In the Air

There are not many writers whom I really envy because of their intelligence, range, grace and style. John Updike is one. Another is Malcolm Gladwell. He’s just made me seethe with admiration with this lovely New Yorker essay which is partly about Nathan Myhrvold but mainly a meditation on innovation.

In 1999, when Nathan Myhrvold left Microsoft and struck out on his own, he set himself an unusual goal. He wanted to see whether the kind of insight that leads to invention could be engineered. He formed a company called Intellectual Ventures. He raised hundreds of millions of dollars. He hired the smartest people he knew. It was not a venture-capital firm. Venture capitalists fund insights—that is, they let the magical process that generates new ideas take its course, and then they jump in. Myhrvold wanted to make insights—to come up with ideas, patent them, and then license them to interested companies…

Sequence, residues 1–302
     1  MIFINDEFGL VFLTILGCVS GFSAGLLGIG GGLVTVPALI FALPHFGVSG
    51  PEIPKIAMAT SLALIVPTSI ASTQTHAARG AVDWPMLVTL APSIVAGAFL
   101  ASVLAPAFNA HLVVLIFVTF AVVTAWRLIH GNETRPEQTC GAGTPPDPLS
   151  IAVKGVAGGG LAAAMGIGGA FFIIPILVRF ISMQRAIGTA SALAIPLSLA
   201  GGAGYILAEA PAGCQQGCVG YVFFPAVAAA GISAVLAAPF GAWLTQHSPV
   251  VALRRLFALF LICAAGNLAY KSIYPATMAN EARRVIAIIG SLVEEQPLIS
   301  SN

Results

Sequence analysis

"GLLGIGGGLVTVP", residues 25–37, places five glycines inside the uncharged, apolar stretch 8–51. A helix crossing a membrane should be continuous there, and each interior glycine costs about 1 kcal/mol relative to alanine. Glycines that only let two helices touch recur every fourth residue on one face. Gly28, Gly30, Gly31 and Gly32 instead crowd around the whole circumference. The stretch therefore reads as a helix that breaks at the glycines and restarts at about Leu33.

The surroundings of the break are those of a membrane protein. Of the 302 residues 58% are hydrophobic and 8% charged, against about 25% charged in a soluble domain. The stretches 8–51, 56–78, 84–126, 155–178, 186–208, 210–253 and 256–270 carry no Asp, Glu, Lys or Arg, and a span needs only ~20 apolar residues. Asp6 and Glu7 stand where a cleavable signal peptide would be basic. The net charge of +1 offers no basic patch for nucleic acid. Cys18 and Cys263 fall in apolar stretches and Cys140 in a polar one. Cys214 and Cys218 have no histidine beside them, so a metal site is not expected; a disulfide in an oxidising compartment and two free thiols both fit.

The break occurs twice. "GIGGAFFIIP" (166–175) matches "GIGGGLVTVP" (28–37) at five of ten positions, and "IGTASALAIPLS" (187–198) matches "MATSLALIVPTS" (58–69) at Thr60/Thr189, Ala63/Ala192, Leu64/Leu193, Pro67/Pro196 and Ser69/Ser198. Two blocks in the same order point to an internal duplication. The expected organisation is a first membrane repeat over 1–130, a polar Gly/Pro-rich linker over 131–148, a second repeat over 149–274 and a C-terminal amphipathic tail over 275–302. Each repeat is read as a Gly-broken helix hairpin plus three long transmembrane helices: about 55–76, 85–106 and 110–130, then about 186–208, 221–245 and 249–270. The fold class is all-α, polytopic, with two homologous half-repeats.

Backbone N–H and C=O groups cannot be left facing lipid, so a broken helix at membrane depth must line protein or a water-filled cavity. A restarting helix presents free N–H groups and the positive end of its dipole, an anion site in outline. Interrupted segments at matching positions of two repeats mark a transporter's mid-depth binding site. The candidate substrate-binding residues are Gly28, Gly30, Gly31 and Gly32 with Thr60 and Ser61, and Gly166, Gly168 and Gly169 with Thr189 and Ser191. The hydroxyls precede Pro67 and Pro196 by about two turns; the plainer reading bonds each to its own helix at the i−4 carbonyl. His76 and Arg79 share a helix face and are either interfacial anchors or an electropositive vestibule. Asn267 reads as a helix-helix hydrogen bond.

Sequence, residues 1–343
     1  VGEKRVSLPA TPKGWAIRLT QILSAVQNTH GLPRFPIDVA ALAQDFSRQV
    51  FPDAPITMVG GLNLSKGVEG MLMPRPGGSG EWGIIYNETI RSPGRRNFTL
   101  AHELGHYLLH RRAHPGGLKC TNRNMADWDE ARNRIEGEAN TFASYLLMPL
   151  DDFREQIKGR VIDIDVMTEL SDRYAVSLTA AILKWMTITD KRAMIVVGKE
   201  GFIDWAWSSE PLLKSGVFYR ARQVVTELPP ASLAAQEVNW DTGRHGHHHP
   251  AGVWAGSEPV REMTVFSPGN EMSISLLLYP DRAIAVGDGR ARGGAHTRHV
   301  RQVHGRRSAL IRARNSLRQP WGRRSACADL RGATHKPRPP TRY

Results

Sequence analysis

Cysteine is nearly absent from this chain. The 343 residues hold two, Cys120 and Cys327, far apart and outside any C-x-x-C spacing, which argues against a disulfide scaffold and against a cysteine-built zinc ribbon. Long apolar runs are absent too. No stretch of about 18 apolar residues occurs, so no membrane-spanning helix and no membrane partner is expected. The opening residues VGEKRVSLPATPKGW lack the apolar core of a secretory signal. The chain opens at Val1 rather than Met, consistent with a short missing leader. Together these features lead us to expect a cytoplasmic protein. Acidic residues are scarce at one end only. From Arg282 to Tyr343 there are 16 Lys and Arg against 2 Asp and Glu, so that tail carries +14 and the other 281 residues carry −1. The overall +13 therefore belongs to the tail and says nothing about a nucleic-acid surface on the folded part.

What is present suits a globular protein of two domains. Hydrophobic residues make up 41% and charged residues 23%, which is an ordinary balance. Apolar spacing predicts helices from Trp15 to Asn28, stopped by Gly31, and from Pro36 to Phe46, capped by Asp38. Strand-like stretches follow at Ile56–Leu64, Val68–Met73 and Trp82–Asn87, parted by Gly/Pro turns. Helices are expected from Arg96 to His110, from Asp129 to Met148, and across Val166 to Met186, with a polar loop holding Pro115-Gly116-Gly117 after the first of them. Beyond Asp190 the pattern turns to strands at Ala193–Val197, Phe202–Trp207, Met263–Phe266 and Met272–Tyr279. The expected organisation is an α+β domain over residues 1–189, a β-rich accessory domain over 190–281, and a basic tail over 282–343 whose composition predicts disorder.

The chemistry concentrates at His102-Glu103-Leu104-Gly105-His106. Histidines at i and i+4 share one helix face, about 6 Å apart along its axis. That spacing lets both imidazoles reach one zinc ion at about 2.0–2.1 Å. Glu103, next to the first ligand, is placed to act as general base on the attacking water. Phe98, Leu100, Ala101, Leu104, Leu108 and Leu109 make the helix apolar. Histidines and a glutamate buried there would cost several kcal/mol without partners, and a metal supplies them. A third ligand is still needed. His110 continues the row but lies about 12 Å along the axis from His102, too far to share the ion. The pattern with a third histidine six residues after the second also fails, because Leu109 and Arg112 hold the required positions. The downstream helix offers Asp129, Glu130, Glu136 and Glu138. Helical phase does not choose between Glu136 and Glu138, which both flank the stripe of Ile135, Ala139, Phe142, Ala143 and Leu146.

Draw up a chair, pour some coffee, and read on.